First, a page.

First impressions about Windows 7 show that although Microsoft's new operating system is aesthetically similar to Windows Vista, the differences are more than skin deep.
Windows 7 default desktop colours. Quite relaxing and not far from what Vista has on offer. The taskbar is wide enough to be seen from a distance which makes it ideal when using a large screen in a lounge. Note the size of the icons.
The new Media Center looks very much like the old one but there will be some noticeable differences like different fonts and tweaks that make the whole MCE experience altogether more enjoyable.
The search functionality in Windows 7 is more intuitive thanks to the use of filters such as type or tags. And just like Firefox or Google Chrome, strings that match are highlighted thereby enabling easy identification.
The startup menu resembles that of Vista and now include Jump lists which are an extension of similar "recent" lists in Vista and Windows XP. However the Jump List feature pops to life when applied to other applications like Internet Explorer or Media player where dedicated and more pertinent list of actions or suggestions (e.g. last websites accessed) are displayed.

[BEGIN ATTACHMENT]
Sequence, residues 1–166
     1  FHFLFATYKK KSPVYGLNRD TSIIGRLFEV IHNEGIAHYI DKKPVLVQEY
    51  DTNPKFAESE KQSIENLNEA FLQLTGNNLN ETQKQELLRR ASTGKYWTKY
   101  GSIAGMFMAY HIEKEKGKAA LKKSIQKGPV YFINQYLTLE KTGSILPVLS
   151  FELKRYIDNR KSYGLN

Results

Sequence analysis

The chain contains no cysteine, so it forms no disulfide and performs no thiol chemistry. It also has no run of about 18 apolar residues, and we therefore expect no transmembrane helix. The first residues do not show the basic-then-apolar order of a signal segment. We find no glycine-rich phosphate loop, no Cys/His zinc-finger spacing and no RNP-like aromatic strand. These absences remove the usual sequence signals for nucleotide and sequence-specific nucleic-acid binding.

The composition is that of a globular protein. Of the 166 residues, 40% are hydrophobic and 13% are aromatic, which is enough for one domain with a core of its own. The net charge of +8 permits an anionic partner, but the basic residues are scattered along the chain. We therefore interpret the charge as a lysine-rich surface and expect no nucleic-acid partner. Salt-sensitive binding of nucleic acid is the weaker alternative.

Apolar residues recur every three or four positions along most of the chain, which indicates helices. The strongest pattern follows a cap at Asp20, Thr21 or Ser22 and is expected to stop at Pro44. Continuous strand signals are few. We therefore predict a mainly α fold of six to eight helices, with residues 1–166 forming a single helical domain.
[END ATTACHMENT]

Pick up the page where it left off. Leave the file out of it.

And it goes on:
Displaying pictures in Windows Explorer is made even more interesting as folders now show more than one picture. Again a slight modification from Windows Vista. Windows 7 introduces the concept of libraries which are similar to portfolios, bringing together similar content in a virtual folder.
Old time favourite MS Paint has been rehauled with a much, much needed radical interface change and introduces a raft of new features to the application.
Swapping themes around has been made even simpler thanks to the new Theme Gallery.
Explorer in Windows 7 is similar to Windows Vista but introduces the concept of Libraries which we covered on the previous page. You can learn more about this new concept on the official Windows Team Blog (opens in new tab).
Internet Explorer 8 in all its glory in Windows 7, although one can expect Internet Explorer 9 to be already in Beta when Windows 7 is launched in 2010.
Windows Taskbar previews allow for an easier identification of already opened documents and appear simply by hovering over the application "tile".